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New hires sourced via referral programs produce 25% more profit for businesses

An efficient employee referral program can save on recruitment fees and time spent hiring new staff. This can have a significant impact on a business’s bottom line. It can cost up to $20,000 in fees and take hours to hire one staff member through a recruitment firm versus hiring someone via employee referral programs.[1]

Employee referrals are the cheapest and fastest way to attract and hire high-quality talent. Referrals offer a much higher chance of success because employees tend to refer people they know will do a great job and who will fit in with the company’s culture.

Employee referrals offer many benefits to businesses. Referrals uncover qualified talent leads, which lets businesses fill job vacancies faster, leading to lower costs and fewer hours spent on recruiting. When hiring referred candidates, talent managers can screen and interview fewer applicants since the candidate leads they have are already qualified by virtue of their connection to an existing employee. The more employees sourced through referrals, the lower the company’s overall cost of hiring new staff will be.

Loyalty to the business is a key trait of referred employees. 45% of referred employees are still in the role after two years, compared to just 20% of employees sourced from job boards.[2] Greater employee retention reduces the costs of rehire, retraining, and productivity ramping.

Referred hires are also known to be more productive and higher-performing. New employees sourced via referral program produce, on average, 25% more profit for their companies than other hire sources.[3]

To attract high-performing talent, the referral process needs to be simple, fast, and mobile. Mobile is now the preferred search method for job seekers and, for those without access to a PC, it’s a necessity. By making the referral process mobile, businesses can maximise their chances of attracting the best talent.

Mobile platforms make it easy for employees to refer open vacancies to their first-degree network connections. Mobile apps can send push notifications to the employee’s device in the morning during peak work commute times when most people are using their device. The employee simply swipes to refer the job, providing a much more efficient and enjoyable employee experience, and increasing the likelihood that employees will refer roles to their contacts.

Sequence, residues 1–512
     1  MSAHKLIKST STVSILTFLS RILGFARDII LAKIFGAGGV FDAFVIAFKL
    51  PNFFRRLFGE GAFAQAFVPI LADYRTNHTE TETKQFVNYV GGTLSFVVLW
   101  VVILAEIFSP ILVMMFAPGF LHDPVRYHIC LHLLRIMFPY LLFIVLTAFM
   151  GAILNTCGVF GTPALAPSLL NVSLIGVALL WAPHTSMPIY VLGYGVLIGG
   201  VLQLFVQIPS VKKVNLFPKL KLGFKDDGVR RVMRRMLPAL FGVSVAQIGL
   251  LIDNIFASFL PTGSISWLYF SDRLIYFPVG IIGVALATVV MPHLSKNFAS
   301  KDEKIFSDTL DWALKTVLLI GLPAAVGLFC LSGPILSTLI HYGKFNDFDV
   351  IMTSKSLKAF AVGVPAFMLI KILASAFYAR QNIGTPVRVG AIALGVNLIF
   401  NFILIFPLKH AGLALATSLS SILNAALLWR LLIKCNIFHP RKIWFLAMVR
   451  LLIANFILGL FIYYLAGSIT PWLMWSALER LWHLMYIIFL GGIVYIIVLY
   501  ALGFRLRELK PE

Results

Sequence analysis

It’s also possible to gamify the process, and make it fun and engaging for employees. For example, when an employee refers a hire, they can go into the draw to win weekly prizes, as well as being eligible for the standard reward a company may offer for a successful referral.

There are seven key steps to building an employee referral program that delivers bottom line results:

1. Define the problem. Understanding the problem makes it easier to design the right solution and measure success. For example, businesses may need higher quality candidates, a larger pool of candidates, or a better recruitment process.

2. Determine target roles. Identify the business areas with roles that are hard-to-fill and/or ripe for referrals. Decide whether to target certain groups or any referral. Having this knowledge will help when deciding how to reward referrals.

3. Reward. There are inherent rewards for employees who successfully refer candidates but it is also important to offer a tangible reward. To decide what those should be, consider what competitors are offering, what will appeal to your employees, and what will fit the culture of your organisation. Generally there is a tipping point that will make employees sit up and take notice, however they do not necessarily have to be linked to financial rewards.

4. Make it simple. A common stumbling block in many referral programs is too much red tape and poor referral mechanisms. By making it as easy as possible for people to understand and participate in the referral program, it is far more likely to generate positive results.

5. Launch it. Communications and change management are critical. Many companies spend a long time on design and invest significantly in the program itself, only to underestimate the communication strategy required. As a guide, it should take just as much time to plan the launch as it does to design the program.

6. Remind. An employee referral program that no one remembers will not generate many candidates. It’s important to remind employees regularly about the program and ask them to think about people they may know in their network. Reminding employees regularly about jobs and potential referrals can be more effective than increasing the reward amount associated with a referral.

7. Measure. To understand whether the employee referral program is delivering results, it’s important to measure the number of candidates recruited through the referral program. Long-term, it is useful to measure those employees’ performance versus those recruited through traditional means.

Employers that make it easy for their staff to refer jobs are more likely to achieve strong benefits from their employee referral program.

About the author

Rob Van EsRob van Es is the chief operating officer of REFFIND, an employee engagement technology company. 





[1] The undercover recruiter (2016)

[2] Jobvite Index (2016)

[3] The Alexander Group (2015)

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